at him. See Vandiver v. Corr. Med. Servs., Inc., 326 Fed App’x 885, 890 (6th Cir. 2009) (affirming
the district court’s finding that claims were not exhausted where they did not give the defendants fair
notice that the grievance was directed against them.) Accordingly, the Court finds that Plaintiff did
not exhaust his claims against Gilkey.
Plaintiff acknowledges that he did not name Norwood in his Step I grievance, but argues that
such omission should be excused because Norwood did not become involved until after Plaintiff
filed his Step I grievance. MDOC policy requires a prisoner to name all individuals involved in the
issue being grieved in the Step I grievance. If Plaintiff became aware of a grievable issue regarding
Norwood, he could have filed a Step I grievance against her. See MDOC Policy Directive 03.02.130
¶ P. He could not add her at Step II of the grievance process. Accordingly, Plaintiff did not exhaust
his claims against Norwood.
Finally, Plaintiff objects to the magistrate judge’s conclusion that there was an issue of fact
with respect to whether Plaintiff exhausted his claims against Snyder and Dykstra before filing his
complaint in this action. The MDOC policy states that the entire grievance process shall generally
be completed in 120 days unless extensions have been granted in writing. Each of Plaintiff’s
grievances had been pending for more than 120 days when he filed the complaint. In fact, the first
of the grievances he filed had been pending for 189 days. During the time that his Step III grievances
were pending, prison officials never informed Plaintiff why his appeal was taking so long or when
he could expect to receive a response.
The Sixth Circuit has made clear that an inmate properly exhausts his administrative
remedies when prison officials’ failure to timely respond to a properly filed grievance renders an
administrative remedy unavailable. See Boyd v. Corr. Corp. of Am., 380 F.3d 989, 996 (6th Cir.
2004); Ward v. Luckey, No. 12-CV-14875, 2013 WL 5595350, at *7-8 (E.D. Mich. Oct. 11, 2013).
Thus, Defendants’ argument that Plaintiff should have simply waited for a response before filing his
complaint—no matter how long that response took—is unavailing. Defendants have failed to
demonstrate that Plaintiff did not exhaust his administrative remedies against Snyder and Dykstra.
There is no issue of fact regarding exhaustion, and Plaintiff’s claims against those defendants may
proceed on the merits.
Plaintiff’s Motion for Summary Judgment
MDOC policy allows for a prison to rescind a prisoner’s approval for religious meals only
after conducting a hearing that complies with specified procedures. MDOC Policy Directive
05.03.150 ¶ VV. Plaintiff argues that he was not provided with a hearing before he was removed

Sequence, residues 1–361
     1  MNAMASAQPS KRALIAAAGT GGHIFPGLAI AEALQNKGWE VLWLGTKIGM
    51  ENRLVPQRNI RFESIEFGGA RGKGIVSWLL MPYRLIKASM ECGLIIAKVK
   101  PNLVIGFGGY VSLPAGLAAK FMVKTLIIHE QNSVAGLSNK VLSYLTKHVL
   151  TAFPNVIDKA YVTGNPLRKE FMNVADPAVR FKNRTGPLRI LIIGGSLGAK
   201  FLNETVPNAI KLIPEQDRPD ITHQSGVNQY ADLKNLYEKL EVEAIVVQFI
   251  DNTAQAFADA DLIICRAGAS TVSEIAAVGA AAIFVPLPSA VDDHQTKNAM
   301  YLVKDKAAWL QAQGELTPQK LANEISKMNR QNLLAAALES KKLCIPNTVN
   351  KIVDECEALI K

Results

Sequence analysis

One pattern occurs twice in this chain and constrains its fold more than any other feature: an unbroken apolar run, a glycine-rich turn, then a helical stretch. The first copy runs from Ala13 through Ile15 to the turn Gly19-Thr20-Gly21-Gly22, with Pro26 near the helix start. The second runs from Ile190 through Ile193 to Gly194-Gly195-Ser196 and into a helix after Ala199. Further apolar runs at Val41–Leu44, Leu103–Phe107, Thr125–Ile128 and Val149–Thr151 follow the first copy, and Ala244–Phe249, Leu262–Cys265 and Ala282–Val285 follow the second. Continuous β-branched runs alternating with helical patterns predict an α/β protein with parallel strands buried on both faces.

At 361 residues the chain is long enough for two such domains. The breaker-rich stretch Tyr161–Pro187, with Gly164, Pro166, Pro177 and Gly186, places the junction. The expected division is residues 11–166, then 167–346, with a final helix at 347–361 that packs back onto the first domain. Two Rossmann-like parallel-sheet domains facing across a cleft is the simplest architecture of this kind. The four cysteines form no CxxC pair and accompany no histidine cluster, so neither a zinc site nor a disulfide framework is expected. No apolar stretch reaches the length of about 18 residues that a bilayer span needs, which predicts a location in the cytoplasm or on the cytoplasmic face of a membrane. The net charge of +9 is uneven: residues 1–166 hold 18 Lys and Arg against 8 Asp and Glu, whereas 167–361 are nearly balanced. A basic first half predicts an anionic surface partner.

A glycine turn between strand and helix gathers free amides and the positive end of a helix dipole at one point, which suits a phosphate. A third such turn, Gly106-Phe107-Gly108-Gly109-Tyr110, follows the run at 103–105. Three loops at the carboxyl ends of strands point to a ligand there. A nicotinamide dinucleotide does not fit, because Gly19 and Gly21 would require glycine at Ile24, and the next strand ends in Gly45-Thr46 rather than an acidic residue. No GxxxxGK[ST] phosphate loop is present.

from the religious meal plan, and that no reasonable juror could find otherwise. Thus, he objects to
the magistrate judge’s conclusion that there is a material issue of fact that precludes summary
judgment on his claims.
Plaintiff provided an affidavit with his motion for summary judgment stating that he was not
provided with a hearing, and that the hearing report stating otherwise was thus fraudulent. In
response, Defendants provided nothing more than the hearing report that Plaintiff claims is
fraudulent. However, in conjunction with a previous motion for summary judgment, Snyder
provided an affidavit stating that she conducted an administrative hearing on August 2, 2012, and
that Plaintiff was present at the hearing.2 (Dkt. #23-6 at Page ID #156.) Thus, there is a dispute of
fact as to whether the hearing occurred and whether Plaintiff was present. This issue is central to
Plaintiff’s claims, and thus the dispute precludes summary judgument.
IT IS HEREBY ORDERED that the Report and Recommendation of the Magistrate Judge
filed August 20, 2014 (dkt. # 88), is ADOPTED in part and REJECTED in part.
“[W ]hile the litigant must cite ‘particular parts of materials in the record,’ Fed. R. Civ. P. 56(c)(1)(A),
courts are not precluded from exercising the discretion granted to them in Rule 56(c)(3) to review other materials in
the record.” LidoChem, Inc. v. Stroller Ent., Inc., 500 Fed. App’x 373, 383 (6th Cir. 2012). It is not clear to the
Court why Defendants failed to support their opposition to Plaintiff’s summary judgment motion by citing to any
evidence that would create a dispute of fact. Nonetheless, the Court will exercise its discretion to consider Snyder’s
affidavit filed in conjunction with her previous motion for summary judgment.
IT IS FURTHER ORDERED that Defendants’ Motion for Summary Judgment (dkt. # 53)
is GRANTED in part and DENIED in part. The claims against Defendants Cheney, Gilkey and
Norwood are DISMISSED. The claims against Defendants Snyder and Dykstra may proceed on the
IT IS FURTHER ORDERED that Plaintiff’s Motion for Summary Judgment (dkt. # 40)
Dated: September 10, 2014
/s/ Gordon J. Quist
GORDON J. QUIST
UNITED STATES DISTRICT JUDGE